The healthy auction market recorded in Sydney and Melbourne could result in a stellar recovery in terms of housing prices, AMP chief economist Shane Oliver said in a series of tweets.
Preliminary clearance rates in Sydney and Melbourne surpassed the 60% mark for the second week, breaking the 70% mark over the weekend at 78% and 74%, respectively.
The two markets are poised to record slightly lower respective final clearance rats at 74% and 71%. Even with the lower final clearance rates, Oliver said the performance of the market over the weekend would be the best in years.
"The rebound in auction clearances points to a ~10% rebound in Sydney & Melbourne house prices after a lag based on past relationships," he tweeted.
Oliver said the results of the federal election, which ensured the retention of negative gearing and capital gains tax policies, as well as the recent back-to-back rate cuts by the central bank, served as growth drivers. The loosening of serviceability rules for mortgages was also instrumental in improving the overall market sentiment, he said.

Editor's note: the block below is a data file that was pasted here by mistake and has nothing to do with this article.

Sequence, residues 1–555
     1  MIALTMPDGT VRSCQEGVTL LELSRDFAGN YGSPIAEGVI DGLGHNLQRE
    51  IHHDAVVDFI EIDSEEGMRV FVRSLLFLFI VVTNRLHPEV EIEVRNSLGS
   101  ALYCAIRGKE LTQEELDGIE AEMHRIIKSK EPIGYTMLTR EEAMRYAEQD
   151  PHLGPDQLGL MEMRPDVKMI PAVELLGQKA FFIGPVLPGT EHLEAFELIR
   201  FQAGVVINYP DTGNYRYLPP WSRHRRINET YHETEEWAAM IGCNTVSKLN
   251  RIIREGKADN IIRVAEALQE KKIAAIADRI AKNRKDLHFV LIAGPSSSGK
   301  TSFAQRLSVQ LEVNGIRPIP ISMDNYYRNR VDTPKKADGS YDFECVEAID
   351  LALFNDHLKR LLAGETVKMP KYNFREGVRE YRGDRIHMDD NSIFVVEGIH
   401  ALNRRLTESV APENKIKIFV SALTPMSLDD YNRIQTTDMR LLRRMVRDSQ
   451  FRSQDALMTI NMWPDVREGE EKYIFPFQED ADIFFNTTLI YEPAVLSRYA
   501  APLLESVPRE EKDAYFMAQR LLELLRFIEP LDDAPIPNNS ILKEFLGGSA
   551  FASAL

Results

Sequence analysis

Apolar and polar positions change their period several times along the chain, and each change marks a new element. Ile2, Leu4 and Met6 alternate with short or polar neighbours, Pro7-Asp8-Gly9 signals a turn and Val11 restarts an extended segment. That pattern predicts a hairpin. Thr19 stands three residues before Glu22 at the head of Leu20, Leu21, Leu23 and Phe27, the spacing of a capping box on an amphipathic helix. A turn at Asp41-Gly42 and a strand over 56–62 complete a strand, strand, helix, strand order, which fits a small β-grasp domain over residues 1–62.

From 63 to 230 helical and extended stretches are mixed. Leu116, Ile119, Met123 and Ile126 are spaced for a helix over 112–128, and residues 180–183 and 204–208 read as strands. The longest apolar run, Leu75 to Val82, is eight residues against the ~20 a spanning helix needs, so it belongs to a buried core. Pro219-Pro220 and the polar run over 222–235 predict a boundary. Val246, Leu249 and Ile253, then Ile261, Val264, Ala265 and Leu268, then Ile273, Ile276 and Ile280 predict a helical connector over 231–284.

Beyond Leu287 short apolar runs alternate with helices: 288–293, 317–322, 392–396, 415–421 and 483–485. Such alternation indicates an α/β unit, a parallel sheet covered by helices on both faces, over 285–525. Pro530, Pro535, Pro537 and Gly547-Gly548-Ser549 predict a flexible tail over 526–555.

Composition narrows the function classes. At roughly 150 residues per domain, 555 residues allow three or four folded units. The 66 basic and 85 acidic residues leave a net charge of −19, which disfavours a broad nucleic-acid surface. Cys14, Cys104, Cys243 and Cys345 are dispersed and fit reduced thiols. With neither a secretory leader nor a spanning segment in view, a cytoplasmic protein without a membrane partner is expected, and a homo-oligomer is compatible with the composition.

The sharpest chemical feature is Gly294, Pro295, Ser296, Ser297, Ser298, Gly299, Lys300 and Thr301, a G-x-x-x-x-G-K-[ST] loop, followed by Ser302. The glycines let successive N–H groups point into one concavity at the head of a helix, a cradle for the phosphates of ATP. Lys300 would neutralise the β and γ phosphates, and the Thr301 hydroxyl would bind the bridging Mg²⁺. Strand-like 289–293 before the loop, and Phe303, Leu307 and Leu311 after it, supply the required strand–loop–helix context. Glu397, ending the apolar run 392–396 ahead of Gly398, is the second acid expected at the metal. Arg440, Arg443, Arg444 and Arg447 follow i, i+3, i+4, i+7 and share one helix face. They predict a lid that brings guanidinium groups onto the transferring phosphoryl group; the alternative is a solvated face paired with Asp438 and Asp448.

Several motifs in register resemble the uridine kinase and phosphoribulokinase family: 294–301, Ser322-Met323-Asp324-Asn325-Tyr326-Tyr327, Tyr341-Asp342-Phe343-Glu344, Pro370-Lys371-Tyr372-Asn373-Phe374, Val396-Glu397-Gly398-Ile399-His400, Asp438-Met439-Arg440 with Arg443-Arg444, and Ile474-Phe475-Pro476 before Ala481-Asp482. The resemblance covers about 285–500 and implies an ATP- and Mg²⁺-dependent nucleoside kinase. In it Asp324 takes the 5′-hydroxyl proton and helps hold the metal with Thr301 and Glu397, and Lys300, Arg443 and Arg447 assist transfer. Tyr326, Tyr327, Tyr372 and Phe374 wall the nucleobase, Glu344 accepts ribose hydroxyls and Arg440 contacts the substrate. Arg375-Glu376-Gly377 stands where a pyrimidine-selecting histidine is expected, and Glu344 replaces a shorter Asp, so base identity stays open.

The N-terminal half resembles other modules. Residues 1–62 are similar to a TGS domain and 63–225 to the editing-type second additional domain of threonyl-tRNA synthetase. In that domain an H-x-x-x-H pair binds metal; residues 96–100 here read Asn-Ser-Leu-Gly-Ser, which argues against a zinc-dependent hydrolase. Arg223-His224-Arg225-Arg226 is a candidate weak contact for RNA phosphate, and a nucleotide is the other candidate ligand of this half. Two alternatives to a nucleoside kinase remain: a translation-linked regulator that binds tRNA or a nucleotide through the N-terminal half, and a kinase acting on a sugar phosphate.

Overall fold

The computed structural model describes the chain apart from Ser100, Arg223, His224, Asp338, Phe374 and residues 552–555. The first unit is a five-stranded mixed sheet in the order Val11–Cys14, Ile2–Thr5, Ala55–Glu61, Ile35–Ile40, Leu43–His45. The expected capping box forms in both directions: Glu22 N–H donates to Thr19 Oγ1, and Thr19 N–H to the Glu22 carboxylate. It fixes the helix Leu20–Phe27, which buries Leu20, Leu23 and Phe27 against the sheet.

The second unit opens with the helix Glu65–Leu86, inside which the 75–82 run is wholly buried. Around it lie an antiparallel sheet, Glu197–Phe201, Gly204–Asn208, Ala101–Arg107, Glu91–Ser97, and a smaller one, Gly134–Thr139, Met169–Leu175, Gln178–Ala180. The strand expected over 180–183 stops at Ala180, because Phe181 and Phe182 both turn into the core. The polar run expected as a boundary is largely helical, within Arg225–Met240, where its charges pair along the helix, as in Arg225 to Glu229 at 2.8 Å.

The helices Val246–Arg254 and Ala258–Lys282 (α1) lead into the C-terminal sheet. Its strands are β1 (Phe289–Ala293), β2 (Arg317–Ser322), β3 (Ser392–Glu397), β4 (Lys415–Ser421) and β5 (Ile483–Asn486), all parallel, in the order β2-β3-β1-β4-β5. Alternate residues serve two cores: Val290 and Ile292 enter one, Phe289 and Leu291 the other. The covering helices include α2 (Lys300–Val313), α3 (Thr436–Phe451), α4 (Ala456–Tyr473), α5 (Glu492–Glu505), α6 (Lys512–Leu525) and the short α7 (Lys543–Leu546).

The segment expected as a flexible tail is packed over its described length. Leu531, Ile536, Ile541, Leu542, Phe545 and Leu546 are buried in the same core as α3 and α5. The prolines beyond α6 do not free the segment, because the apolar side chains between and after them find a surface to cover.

However, the growth in prices would likely be limited due to the lending standards, unit oversupply, and the high level of unemployment.
"There's a bunch of positive factors supporting the property market, but I don't think prices are going to run away because lending standards are a lot tighter this time around. This is not 2011 to 2012 when banks were happy to lend to virtually anyone. I also think unemployment is going to rise, so I think that's also going to put a cap on prices," he said in a report in Business Insider Australia.
Oliver also said that the improvement of clearance rates was due to the increase in demand amid the relatively low auction volumes.
In fact, figures from CoreLogic showed that only around 901 homes were taken to auction across combined capitals over the weekend. During the same period last year, auction volumes were higher at 1,257 homes.
The upcoming spring, however, is expected to spur more auctions in the market. With this, Oliver said it is crucial to observe the sales of homes in the coming months.
"Spring is going to be a bit of a test in all of this, to see whether these kinds of clearance rates continue," he said.